BATON ROUGE, La. (AP) — Louisiana Gov. Bobby Jindal's health secretary and close ally, Bruce Greenstein, is resigning amid ongoing state and federal investigations into the awarding of a Medicaid contract to a company where Greenstein once worked, officials said Friday.
The Jindal administration canceled the nearly $200 million contract with Maryland-based CNSI last week after details leaked of a federal grand jury subpoena involving the contract award.
The governor's office announced Greenstein's decision, saying his resignation from the $236,000-a-year post takes effect May 1. Jindal spokesman Kyle Plotkin said the governor didn't ask Greenstein to leave his position as secretary of the Department of Health and Hospitals.
Greenstein offered no explanation in his two-page resignation letter, instead recounting his accomplishments and thanking the governor. He didn't respond to messages Friday seeking further comment.
"This state's gracious people and generous culture have left a permanent and meaningful impact on the lives of my family and me. I am grateful for our time here and I will forever remember this period of our lives with fondness and pride," he wrote to Jindal.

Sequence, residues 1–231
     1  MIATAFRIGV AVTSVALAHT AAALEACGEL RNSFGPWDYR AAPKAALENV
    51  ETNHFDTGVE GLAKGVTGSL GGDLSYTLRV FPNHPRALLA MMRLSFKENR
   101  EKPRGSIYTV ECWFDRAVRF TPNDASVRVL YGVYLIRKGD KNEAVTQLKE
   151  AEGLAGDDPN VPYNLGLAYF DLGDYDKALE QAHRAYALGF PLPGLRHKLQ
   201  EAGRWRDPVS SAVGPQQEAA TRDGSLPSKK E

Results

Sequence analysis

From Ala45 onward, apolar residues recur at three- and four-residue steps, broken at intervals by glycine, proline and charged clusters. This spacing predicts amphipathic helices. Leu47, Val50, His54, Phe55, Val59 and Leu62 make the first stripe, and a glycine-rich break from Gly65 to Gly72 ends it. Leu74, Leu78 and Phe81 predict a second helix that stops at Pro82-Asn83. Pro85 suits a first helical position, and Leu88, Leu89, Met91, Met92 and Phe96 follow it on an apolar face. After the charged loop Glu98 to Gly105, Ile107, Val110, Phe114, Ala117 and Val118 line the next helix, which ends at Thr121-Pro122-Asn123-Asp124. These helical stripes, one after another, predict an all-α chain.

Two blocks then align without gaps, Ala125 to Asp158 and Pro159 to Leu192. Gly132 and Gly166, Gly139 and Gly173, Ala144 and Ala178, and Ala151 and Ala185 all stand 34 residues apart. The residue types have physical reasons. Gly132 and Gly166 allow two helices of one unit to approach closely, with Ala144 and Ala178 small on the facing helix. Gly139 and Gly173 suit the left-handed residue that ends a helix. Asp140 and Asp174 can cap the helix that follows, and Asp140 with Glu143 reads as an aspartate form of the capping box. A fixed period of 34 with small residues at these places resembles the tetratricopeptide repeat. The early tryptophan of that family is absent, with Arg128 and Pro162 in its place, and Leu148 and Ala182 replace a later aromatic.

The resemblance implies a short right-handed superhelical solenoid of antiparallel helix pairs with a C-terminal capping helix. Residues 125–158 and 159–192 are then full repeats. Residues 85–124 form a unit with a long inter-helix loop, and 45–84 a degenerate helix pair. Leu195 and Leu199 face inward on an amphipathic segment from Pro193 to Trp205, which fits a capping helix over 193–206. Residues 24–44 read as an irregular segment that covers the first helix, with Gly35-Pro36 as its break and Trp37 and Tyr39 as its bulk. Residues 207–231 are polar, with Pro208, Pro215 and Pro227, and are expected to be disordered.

When the Medicaid contract was awarded two years ago, Greenstein denied any involvement in the selection.
But he acknowledged under questioning from lawmakers in his 2011 confirmation hearing that a change he pushed in the bid solicitation made CNSI eligible for the Medicaid contract. He also met with a top CNSI official within days of taking the health secretary's job.
Greenstein worked for CNSI from 2005 to 2006.
The state attorney general's office has said the 10-year contract for Medicaid claims processing and bill payment was improperly handled, and it is conducting its own criminal investigation into the contract award.
David Caldwell, head of the attorney general's public corruption unit, said there was inappropriate contact between CNSI and DHH employees, among other issues.
Greenstein's resignation leaves Jindal without the chief defender of his opposition to the Medicaid expansion under the federal health care law, as state lawmakers are pushing against the rejection.